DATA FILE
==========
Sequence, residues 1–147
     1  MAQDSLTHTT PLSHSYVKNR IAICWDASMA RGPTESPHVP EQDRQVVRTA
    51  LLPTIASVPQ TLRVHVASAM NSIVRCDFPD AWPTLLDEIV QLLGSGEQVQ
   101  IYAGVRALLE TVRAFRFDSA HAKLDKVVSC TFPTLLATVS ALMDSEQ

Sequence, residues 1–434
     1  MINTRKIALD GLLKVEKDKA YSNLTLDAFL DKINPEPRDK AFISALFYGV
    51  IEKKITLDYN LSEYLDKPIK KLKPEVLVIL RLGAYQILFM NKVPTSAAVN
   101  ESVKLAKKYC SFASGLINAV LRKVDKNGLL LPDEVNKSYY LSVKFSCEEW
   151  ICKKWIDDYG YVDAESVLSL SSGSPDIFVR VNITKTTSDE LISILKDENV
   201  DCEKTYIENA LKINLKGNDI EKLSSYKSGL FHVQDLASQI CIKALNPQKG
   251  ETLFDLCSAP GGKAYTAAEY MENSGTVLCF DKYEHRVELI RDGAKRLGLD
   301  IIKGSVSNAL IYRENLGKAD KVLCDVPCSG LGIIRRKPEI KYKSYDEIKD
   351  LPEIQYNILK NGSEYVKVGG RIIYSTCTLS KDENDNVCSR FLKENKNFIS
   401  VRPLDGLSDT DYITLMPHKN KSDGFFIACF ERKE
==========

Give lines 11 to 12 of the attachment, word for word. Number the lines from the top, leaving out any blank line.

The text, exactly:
   251  ETLFDLCSAP GGKAYTAAEY MENSGTVLCF DKYEHRVELI RDGAKRLGLD
   301  IIKGSVSNAL IYRENLGKAD KVLCDVPCSG LGIIRRKPEI KYKSYDEIKD